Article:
If you are doing more than just changing a light bulb things tend to take some time.. A rig inspection for instance.
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post #27 of 34 Old 06-21-2013
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Re: Mast work

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Originally Posted by knuterikt View Post

Found it at 58 EUR (= 75 USD) but far more comfortable than a climbing harness for prolonged stay at the mast (I have tried both

If you are doing more than just changing a light bulb things tend to take some time.. A rig inspection for instance.
Assuming it is made from good quality materials and properly sewn etc (which we can't see on the pricture), $75.- is an excellent price for this.
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post #28 of 34 Old 06-21-2013
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Re: Mast work

The Ascenders on the ATN Mast Climber don't seem fundamentally lower quality than the Petzl ones. I'm interesting to know what aspect you find to be cheesy.

I looked at building my own, but it wasn't a lot less money and it was a lot more work.

My sailing buddies and I have also used climbing harnesses (one of them has climbing experience) and found them unsafe due to the pressure that they put on leg nerves. They are meant for active use, not dangling in them on the mast for 30 minutes while you replace hardware. The (simple and small) bosun's chair with the ATN Mast Climber is a lot more comfortable and still safe. The only aspect that my climbing friend doesn't like is that the leg loops don't have the right sort of buckle to allow backing it up.

Knut's system using a cam cleat is interesting and I saw it before purchasing my Mast Climber. It doesn't allow for solo use though. I don't like going up solo, but I've done it a couple of times when I needed to get something done and couldn't get someone to spot me. I'd also watch the load rating on those cam cleats, a standard Harken 150 is only rated to 300lbs. The one in that photo looks like it might be a Ronstan, I can't tell if it is the medium size (275lb rating) or large (510lb).

Dropping the mast is an option with smaller/lighter rigs, but not on bigger boats.

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post #29 of 34 Old 06-21-2013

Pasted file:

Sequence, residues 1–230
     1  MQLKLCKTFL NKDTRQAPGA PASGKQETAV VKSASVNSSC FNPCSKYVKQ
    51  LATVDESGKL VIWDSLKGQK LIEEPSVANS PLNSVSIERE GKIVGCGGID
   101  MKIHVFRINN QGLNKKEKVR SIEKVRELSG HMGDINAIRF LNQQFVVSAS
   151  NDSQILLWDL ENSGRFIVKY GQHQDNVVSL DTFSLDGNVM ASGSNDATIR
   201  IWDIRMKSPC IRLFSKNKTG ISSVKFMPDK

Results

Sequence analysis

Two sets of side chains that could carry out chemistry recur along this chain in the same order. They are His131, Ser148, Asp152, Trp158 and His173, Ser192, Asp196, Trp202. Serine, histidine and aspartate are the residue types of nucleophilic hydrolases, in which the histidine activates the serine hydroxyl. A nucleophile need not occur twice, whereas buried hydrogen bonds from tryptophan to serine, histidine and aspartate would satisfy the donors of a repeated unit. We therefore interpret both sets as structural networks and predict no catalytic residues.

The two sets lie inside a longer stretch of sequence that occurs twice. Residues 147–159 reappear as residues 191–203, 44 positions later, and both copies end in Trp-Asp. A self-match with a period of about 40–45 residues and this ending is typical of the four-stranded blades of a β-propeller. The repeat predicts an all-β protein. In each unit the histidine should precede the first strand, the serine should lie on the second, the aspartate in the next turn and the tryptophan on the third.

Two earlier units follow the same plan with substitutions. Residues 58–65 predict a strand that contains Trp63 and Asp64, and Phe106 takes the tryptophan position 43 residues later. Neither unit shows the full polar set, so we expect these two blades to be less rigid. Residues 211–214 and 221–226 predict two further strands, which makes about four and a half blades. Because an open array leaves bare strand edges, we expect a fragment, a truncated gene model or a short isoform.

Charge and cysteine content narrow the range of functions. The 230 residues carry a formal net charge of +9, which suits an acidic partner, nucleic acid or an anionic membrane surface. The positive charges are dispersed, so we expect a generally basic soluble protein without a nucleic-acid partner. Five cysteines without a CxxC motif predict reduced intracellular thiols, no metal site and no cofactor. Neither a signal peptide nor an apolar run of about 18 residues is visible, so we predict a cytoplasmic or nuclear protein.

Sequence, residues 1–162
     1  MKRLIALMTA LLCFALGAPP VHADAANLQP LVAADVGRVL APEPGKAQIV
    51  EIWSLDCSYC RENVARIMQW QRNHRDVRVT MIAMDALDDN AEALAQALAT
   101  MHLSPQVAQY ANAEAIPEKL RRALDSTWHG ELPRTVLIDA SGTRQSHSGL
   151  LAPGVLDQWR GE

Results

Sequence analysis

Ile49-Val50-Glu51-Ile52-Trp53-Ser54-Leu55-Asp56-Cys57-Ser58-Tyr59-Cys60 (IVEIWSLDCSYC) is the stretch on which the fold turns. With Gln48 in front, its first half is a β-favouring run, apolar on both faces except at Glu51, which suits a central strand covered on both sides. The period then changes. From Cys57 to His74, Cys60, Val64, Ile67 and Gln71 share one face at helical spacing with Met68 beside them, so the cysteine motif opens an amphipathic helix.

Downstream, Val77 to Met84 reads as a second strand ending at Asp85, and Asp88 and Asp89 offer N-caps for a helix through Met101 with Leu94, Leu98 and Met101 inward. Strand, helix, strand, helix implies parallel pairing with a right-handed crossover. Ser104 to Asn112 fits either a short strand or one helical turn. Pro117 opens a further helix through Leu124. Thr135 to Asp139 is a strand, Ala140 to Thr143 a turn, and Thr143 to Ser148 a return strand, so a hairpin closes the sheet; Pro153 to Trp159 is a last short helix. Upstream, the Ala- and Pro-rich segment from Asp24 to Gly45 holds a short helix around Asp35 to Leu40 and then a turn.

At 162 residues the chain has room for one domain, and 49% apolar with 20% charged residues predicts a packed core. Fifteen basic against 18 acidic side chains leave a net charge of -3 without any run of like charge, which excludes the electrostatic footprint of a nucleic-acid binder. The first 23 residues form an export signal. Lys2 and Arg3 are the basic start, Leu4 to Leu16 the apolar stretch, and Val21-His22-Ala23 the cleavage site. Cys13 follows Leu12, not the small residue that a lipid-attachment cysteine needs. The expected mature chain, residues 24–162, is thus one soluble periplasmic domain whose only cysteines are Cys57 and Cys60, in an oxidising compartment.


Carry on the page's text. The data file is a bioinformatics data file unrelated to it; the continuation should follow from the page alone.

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Re: Mast work

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Originally Posted by MastUndSchotbruch View Post
Assuming it is made from good quality materials and properly sewn etc (which we can't see on the pricture), $75.- is an excellent price for this.
The one in the first picture is the same as I and my professional rigger is using.
It's a good quality product
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post #30 of 34 Old 06-21-2013
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Re: Mast work

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Originally Posted by Alex W View Post
Knut's system using a cam cleat is interesting and I saw it before purchasing my Mast Climber. It doesn't allow for solo use though. I don't like going up solo, but I've done it a couple of times when I needed to get something done and couldn't get someone to spot me. I'd also watch the load rating on those cam cleats, a standard Harken 150 is only rated to 300lbs. The one in that photo looks like it might be a Ronstan, I can't tell if it is the medium size (275lb rating) or large (510lb).
I didn't make this system to climb solo, but in combination with other climbing equipment in can be done.

I'm not so concerned about the load on this cleat, it's only an aid to make climbing easier for the winch person (not a safety device).

I'm always using two halyards while climbing the mast.

I don't remember the make/model of the cleat, I reused some spare parts in my rigging bag and the plywood is also reused.